Palou leads opening Detroit practice

The opening practice session at the Chevrolet Detroit Grand Prix ended in a fashion that was mightily familiar to the last as reigning race winner Alex Palou was first among the 27 drivers following Friday’s 75-minute opening practice session with a lap of 1m01.721s in the No. 10 Chip Ganassi Racing Honda.

Arrow McLaren’s Pato O’Ward shadowed Palou in second with a 1m01.731s lap produced with the No. 5 Honda and Andretti Global’s Colton Herta joined them on the same tenth with a 1m07.796s in the No. 26 Honda to complete an incredibly close top three on the unforgiving street circuit.

“It was busy,” Palou said. “Visited the runoff areas a couple of times here and there just trying to find the limit and the grip of the track,” Palou said. “The track is a lot grippier than it was last year. I think we were like two seconds faster than what we did in practice one last year. The car feels good so far. Pretty happy.”


Two significant meetings with the walls took place during IndyCar’s lone outing on Friday. Andretti’s Marcus Ericsson was the first to introduce his right-rear wheel and suspension to the Turn 7 wall, which broke the assembly and sent him back to the pits from which he did not return. The second was Dale Coyne Racing’s Jack Harvey, who ricocheted the No. 18 Honda off the inside of Turn 7 and met the outside wall — where Ericsson hit — with the right-front suspension, which folded inwards and did additional damage to the car’s floor. Both drivers were uninjured.

“I just caught the inside wall at Turn 7 with promoted me to the outside wall,” Harvey said. “Totally my mistake and I’m sorry to the team.”

Harvey would post the 26th-fastest lap of the day, less than four-tenths faster than new teammate Tristan Vautier who is making his first IndyCar start since 2017.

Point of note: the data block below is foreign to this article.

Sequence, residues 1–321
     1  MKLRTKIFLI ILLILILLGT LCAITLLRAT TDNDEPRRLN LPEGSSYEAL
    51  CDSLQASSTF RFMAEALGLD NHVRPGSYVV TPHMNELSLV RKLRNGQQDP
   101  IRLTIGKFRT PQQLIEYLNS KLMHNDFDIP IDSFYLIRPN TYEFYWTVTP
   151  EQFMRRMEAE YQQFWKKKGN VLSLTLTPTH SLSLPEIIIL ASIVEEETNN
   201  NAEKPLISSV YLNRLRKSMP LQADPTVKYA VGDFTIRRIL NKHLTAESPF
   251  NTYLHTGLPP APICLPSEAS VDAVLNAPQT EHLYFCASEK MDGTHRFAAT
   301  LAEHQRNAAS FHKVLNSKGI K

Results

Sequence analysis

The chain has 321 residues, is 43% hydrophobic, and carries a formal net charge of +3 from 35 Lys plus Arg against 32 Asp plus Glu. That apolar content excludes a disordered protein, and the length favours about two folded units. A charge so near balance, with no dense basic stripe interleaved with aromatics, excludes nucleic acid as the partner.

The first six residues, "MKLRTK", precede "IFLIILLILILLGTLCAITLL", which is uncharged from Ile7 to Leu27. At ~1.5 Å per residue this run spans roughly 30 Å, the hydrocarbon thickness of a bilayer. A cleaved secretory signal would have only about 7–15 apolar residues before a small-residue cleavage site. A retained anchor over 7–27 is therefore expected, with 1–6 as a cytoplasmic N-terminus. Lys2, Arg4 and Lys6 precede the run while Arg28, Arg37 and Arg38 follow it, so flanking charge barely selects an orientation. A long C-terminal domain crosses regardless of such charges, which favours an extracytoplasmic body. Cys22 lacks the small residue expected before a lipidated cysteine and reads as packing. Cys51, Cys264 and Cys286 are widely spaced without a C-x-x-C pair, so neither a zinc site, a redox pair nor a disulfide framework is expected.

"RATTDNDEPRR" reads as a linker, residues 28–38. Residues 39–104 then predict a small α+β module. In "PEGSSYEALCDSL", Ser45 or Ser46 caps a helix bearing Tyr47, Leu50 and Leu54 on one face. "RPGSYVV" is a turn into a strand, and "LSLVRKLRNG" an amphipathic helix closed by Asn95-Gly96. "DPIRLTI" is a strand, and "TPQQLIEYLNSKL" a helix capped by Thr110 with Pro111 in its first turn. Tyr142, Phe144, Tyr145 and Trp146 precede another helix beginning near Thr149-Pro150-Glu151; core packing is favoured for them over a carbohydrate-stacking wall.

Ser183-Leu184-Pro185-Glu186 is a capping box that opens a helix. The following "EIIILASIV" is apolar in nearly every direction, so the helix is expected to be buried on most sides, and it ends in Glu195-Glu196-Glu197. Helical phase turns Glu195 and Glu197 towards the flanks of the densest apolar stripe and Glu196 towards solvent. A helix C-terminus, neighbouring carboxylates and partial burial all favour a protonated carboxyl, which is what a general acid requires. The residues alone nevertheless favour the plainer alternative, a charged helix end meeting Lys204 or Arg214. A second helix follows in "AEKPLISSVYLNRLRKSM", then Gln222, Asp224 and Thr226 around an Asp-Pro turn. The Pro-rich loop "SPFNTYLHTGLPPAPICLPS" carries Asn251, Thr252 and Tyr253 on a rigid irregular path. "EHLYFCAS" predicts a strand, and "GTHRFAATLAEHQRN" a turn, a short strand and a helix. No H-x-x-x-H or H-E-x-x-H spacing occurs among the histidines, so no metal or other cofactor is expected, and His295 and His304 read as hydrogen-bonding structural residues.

As the green flag waved over the field, Herta was first to go quickly once most drivers ventured out to set their first competitive laps. His 1m03.0s lap held until Palou set the new standard with a 1m02.6s and Herta fired back with a 1m02.097s after 25 minutes were consumed.

The running order of Herta, Palou, and Scott McLaughlin held for most of the opening 45 minutes until Will Power jumped to second with a 1m02.4474s and McLaughlin improved to retain third with a 1m02.4845s.

Christian Lundgaard also got himself into the mix in fourth with a 1m02.4929s to knock Palou and his improved 1m02.5507 to fifth. The beleaguered Ericsson capped the top six with a 1m02.7515s lap as the 45 minutes ended and the session went into split 10-minute groups to close the day’s activities.

Compiling a list of drivers among the 27 who didn’t lock a front brake and go sailing into a runoff area was seemingly impossible as most — if not all — paid at least one visit to something other than the racing line where a flick-spin or the use of reverse gear was required to continue.

The 45 minutes were mostly clean, with the exception of a light clash between Josef Newgarden and Kyle Kirkwood which led to Newgarden’s car taking on light damage while making contact with Kirkwood on the left and a wall on the right.

Almost halfway through the first 10-minute session, Christian Rasmussen stalled and required a red flag to have the AMR Safety Team restart his car and send the rookie on his way. At the point of the red flag where drivers looked to use the one set of sticky Firestone alternate tires — the only time they’re available prior to qualifying — nobody had improved upon Herta’s 1m02.021s lap.

With half the field filtering back out with five minutes and change left on the clock, Newgarden was the first mover, improving to fifth with a 1m02.5320s lap. Kirkwood, who lost a decent portion of the opening session with engine woes, leapt to eighth as Palou retook first with a 1m01.7210s.

Kirkwood was hard on it with his next lap, taking second with a 1m01.8103s lap. The checkered flag waved on the session with Kyffin Simpson sitting backwards, stalled, and unscathed at Turn 7, which happened moments after Ericsson went through the same corner and smashed his right-rear suspension against the wall.

O’Ward’s first flying lap in the second session on the alternate tires took him to second overall with a 1m01.7315s lap, just over one-hundredth of a second shy of Palou.

Another red flag was necessary with six minutes left after Harvey met wall and crawled to a stop.

Action resumed and Herta claimed fourth with a1m02.0219s lap directly behind teammate Kirkwood. The greatest leap came from Santino Ferrucci who went to seventh with a 1m02.3277s lap to follow Penske affiliates Newgarden and McLaughlin.

UP NEXT: FP2, 9:10am ET, streaming on Peacock


Story originally appeared on Racer